SPEECHES at separate events have seen two giants of economics strongly disagree over the Eurozone’s anticipated quantitative easing (QE) policy.
Larry Summers – former chief economist of the World Bank who nearly replaced Ben Bernanke as US Federal Reserve chairman – said QE would be welcome while former Bank of England boss Mervyn King held reservations.
“Europe is not growing and is on the brink of deflating,” Summers said at the London School of Economics (LSE) yesterday.
“Is it too much to ask that Germany take a forward-looking view of a common European destiny in thinking about macroeconomic policy ... rather than a retaining a green-eyeshade accounting mentality?”
His view is in contrast to King who on Monday argued that monetary easy was unlikely to work.
“We have had the biggest monetary stimulus that the world must have ever seen, and we still have not solved the problem of weak demand. The idea that monetary stimulus after six years... is the answer doesn’t seem right to me,” King said, also at the LSE but at a different event.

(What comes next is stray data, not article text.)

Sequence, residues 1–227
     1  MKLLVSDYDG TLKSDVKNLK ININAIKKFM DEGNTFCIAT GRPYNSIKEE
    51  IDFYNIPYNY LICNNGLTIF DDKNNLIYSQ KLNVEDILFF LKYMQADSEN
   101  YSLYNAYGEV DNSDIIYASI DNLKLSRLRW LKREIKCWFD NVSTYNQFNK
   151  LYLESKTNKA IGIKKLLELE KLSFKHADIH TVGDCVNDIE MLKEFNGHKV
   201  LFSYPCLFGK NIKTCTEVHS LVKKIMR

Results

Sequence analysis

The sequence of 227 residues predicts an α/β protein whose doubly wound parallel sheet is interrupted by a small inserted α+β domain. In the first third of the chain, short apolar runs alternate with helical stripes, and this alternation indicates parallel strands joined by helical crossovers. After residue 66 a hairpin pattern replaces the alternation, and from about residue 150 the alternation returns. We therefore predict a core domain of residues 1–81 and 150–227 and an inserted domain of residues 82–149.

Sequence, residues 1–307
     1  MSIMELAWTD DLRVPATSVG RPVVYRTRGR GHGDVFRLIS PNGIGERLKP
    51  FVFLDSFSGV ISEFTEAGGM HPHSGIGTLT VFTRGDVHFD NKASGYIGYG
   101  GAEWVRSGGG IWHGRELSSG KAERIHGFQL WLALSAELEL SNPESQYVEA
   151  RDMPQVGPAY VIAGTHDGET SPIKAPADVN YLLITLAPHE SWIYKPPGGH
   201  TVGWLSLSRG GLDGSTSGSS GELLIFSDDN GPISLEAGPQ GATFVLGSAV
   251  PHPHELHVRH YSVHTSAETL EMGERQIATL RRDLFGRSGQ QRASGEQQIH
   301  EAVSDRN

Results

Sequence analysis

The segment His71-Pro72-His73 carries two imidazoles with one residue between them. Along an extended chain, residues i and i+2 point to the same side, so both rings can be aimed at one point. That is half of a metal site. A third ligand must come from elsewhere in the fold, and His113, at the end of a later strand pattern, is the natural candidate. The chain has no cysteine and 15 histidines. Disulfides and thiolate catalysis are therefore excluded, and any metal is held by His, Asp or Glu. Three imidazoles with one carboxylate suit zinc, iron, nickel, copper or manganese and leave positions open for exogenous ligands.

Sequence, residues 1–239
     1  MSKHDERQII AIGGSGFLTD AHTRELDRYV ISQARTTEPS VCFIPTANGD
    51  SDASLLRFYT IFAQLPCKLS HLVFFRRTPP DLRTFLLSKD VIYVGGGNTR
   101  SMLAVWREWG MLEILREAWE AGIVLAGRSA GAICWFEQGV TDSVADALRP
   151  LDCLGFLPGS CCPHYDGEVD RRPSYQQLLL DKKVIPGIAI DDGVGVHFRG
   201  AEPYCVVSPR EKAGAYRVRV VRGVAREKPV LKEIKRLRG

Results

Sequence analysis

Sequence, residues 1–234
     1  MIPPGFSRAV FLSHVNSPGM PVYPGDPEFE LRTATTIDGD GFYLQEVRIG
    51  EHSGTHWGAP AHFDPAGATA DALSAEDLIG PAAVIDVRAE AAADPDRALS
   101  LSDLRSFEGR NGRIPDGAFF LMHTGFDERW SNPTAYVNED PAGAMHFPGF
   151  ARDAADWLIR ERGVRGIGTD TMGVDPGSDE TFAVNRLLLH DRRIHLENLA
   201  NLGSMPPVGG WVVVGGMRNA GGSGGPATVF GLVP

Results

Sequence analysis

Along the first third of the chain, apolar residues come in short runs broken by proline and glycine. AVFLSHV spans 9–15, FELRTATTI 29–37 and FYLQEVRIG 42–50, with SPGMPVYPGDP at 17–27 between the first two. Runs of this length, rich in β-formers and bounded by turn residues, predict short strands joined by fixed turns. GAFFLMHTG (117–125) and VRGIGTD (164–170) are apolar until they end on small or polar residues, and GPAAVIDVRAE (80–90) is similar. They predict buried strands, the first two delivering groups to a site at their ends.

“There are quite serious disequilibria both between and within economies that, for good economic reasons, are depressing demand. Simply lowering rates even further or adding more monetary stimulus is unlikely to solve that problem,” he said.
Summers seemed to agree with King on the existence of underlying causes.
“We need to move beyond the Calvinist idea that more savings is always good and borrowing is bad because what we have right now ... is a chronic excess of saving and at least judging by the market evidence it’s likely to be with us for some time to come,” Summers said.